By ten this morning I had crossed over from Mississippi to Arkansas. There is a difference in the scenery I believe. While there were farms in Mississippi, there seemed to be a lot more in Arkansas. I took a few photos of the view from the road.
I did have to get back on the Interstate for a section of this trip. I-40 to get to and around Little Rock. Once again it was clear that the predominant vehicle on the major interstates is the semi. It says a whole lot about how finished goods must travel. Trains haul the bulk of raw material, but everything else must move by these large trucks. The “Big Box Stores” have changed peoples buying experience and no longer do people have to travel to the “big city” to find the latest goods. But that means that only these trucks provide the flexibility to get the goods to all those retail outlets.
It was interesting to find the Museum of Automobiles. I could find Morrilton, AR, but had to go a long ways out from the center of that town to find the museum. It is tucked in the Petit Jean State Park and the road to the museum is a twisty mountain road. It is not another Tail of the Dragon, but it is a lot of fun for a car like the Evolution.
Petite is a good description of the museum as well. Perhaps I’ve been spoiled by the previous museums where there were hundreds of cars on display.
There were plenty of great cars in this museum though as well as many antique arcade machines and a modest antique firearm collection. The founder, Governor Winthrop Rockefeller, was the grandson of John D. Rockefeller and two of his personal cars were on display painted in the family’s color maroon.
There was also a Lincoln owned by President J. F. Kennedy and driven around the Cape.
I was fortunate to be there for the June Car Show and Swap Meet. Fortunate because that meant that there were all kinds of cars to gawk at and wander around outside the museum. If you were looking for a classic car, or parts you were missing, or maybe something to start a project car with, it was there.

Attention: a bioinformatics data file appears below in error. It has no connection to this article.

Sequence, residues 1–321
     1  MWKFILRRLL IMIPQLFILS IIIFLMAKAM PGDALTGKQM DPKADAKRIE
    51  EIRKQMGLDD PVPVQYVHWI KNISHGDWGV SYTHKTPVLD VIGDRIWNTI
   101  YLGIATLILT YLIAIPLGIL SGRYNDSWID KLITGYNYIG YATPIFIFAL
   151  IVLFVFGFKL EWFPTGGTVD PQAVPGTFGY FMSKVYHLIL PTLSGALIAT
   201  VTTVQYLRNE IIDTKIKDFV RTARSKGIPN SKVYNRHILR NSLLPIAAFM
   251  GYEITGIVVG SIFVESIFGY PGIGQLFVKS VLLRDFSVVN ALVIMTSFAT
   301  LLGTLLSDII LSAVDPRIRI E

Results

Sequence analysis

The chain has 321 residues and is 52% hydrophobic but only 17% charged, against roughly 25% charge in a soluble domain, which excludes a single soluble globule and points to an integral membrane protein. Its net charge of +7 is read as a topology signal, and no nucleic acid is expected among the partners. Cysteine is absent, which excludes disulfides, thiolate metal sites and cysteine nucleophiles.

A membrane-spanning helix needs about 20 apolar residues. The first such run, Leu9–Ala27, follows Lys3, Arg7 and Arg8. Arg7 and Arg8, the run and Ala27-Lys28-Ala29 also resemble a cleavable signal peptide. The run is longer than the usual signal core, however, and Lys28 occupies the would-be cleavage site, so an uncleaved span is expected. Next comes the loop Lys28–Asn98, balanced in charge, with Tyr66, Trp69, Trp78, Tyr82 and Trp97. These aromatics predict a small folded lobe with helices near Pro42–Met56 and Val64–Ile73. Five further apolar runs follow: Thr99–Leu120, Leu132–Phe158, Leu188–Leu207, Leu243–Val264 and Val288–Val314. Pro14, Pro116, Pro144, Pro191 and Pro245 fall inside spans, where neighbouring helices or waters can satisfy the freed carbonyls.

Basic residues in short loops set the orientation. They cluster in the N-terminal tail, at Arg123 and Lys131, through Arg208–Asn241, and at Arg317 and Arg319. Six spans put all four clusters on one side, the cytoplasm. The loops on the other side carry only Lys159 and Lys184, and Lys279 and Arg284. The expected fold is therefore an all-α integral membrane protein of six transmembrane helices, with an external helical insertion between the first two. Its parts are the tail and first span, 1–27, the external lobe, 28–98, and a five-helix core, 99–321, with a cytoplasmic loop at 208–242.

While there were several nicely finished hot rods, antiques, and customs, my favorites to browse were the trailer queens and some of the truly creative examples. I just loved this one:
The owner told me that it started out as an old school bus with only the cowl forward. He and a friend scrounged for parts and pieces that were going to scrap yards and put this together. I found it a real beauty. The roof is from a Dodge van and fits perfectly. I’m not sure where the truck bed came from, but I love how it had working doors cut out and hinged.
Here are a few of the many project cars waiting for a creative owner:
This is a rod that was parked on the street that shows real spirit:
After enjoying both the inside and the outside of the museum I went to find lodgings for the night. While there was a hotel right down the street – because of the event it had no vacancies. So I proceeded down the hill being guided by MS Street and Trips GPS until I was about twelve miles away and the battery on my laptop went dead. For some reason the laptop had lost track of what mode it was in and had not suspended itself when I closed the cover before going into the museum. Then, when I opened it up and took off it failed to charge off the adapter in the car. Ugh!
So I drove on from memory while I hoped that the machine would recharge the battery if I left it off. After a while I pulled over when I saw a police cruiser parked off the side of the road. The officer, initially suspicious, turned out to be very helpful and assured me that I was, indeed, going in the right direction. So with his help, off I went to the Interstate where I knew I could find lodgings for tonight.
On the way to the Interstate I almost passed this hardware store, and stopped to snap a photo.
Tomorrow morning I am off to Tulsa, OK, and the soon-to-be-famous 1957 Plymouth Belvedre. I will stay there for two day to be certain that give this important event the coverage it deserves!